For as long as there have been reports of Nazi crimes there have been people determined to deny and undermine them. The Nazis themselves were the first deniers, seeking to destroy the evidence of their crimes and deny them to the world.
For most people the notion that the Holocaust was an enormous hoax is nonsensical. How is it possible to see the newsreels from barbed wire-encircled camps with emaciated and withered bodies in piles or mass graves and not be filled with horror and sympathy? With such definitive evidence how can one still not believe? How do some people remain unmoved by the horrifying revelations of the Holocaust? How after news of Belsen, Auschwitz, Treblinka, Belzec, Buchenwald and Chełmno do so many still not believe?
It is likely that many who deny the Holocaust publicly think differently in private. They do so as biased revisionism and denial was or is politically expedient and vital to their attempts to rehabilitate the doctrine with which they identify, namely fascism. Nazi atrocities have of course become inextricably linked to the doctrine of fascism, and any attempt to relaunch the ideology requires either the separation of one from the other or denial that the atrocities had happened at all.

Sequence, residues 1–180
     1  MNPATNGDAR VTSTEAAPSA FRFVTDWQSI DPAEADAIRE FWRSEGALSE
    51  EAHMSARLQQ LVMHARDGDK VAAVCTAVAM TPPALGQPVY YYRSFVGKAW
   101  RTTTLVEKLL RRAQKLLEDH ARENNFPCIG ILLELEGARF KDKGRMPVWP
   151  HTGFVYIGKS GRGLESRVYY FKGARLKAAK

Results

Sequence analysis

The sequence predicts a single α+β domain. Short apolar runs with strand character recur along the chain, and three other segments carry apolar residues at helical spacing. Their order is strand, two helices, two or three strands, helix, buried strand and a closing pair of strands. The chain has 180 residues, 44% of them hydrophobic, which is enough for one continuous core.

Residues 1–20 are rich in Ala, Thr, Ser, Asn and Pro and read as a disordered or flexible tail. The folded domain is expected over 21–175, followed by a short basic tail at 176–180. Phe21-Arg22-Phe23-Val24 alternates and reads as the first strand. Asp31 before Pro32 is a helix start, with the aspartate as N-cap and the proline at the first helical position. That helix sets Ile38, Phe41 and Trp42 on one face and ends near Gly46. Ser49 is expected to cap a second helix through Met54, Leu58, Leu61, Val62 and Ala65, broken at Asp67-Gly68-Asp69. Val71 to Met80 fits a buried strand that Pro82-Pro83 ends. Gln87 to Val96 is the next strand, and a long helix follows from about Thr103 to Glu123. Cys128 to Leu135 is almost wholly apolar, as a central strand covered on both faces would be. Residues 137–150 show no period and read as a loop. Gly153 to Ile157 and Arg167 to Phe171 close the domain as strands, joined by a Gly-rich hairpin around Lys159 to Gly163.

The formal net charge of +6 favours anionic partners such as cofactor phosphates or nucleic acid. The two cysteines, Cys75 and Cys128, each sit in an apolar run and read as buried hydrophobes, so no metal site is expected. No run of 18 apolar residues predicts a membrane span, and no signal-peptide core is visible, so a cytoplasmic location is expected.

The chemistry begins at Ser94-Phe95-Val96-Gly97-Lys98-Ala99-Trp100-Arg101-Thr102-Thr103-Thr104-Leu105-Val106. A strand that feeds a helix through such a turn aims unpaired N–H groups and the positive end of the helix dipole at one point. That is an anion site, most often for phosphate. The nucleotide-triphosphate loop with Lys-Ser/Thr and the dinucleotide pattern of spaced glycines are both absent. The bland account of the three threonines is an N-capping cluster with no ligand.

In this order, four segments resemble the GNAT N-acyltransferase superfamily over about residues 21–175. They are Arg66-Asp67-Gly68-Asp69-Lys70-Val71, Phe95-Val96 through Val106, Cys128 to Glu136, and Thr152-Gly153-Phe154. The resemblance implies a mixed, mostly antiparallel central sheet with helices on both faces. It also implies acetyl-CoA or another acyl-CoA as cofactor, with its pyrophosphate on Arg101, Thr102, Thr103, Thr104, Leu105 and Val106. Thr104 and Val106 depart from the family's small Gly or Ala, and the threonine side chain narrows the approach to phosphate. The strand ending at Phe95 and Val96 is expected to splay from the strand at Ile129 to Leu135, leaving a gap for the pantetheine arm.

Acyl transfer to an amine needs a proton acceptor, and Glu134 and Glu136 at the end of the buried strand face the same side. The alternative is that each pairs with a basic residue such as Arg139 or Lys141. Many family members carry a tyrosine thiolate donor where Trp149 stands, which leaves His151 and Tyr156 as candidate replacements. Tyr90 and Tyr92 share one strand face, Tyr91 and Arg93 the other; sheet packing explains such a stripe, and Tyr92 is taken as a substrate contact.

Holocaust deniers have traditionally relied on a number of arguments to try and disprove the Holocaust. These include: Hitler and the Nazis were not responsible for the outbreak of the Second World War; there was no Nazi plan for genocide; that all evidence of extermination camps is faked; that gas chambers were erected after the war; that Zyklon B, the gas used to murder Jews, was merely a delousing agent; that Jews and others who died in concentration camps died from diseases like typhus; that the Holocaust was invented to force Germany to pay for the establishment of the state of Israel; that the Holocaust is a Jewish conspiracy. These arguments have all been around since the end of the Holocaust itself but, in the digital age, there has been a shift in the nature of Holocaust denial and the ease with which it can be accessed that has given some deniers a sense of optimism. As an article on the neo-Nazi website The Daily Stormer from October 2020 put it: There is no way to allow people to openly discuss the Holocaust and also have them come to the conclusion that it actually happened. You could do that before the internet, when the only way for people to spread information was through newsletters mailed to their mailboxes that they had to sign up for. In the modern age, anyone who tries to talk about the Holocaust is going to get spammed with facts that ultimately prove that [it did not happen]. This recognition by the far right that the internet has created opportunities for them to spread their Holocasut denial is deeply worrying. However, before exploring how far-right denial has been changed by the online spaces in which it is now spread, it is necessary to explore denial propagated by individuals and groups beyond the far right.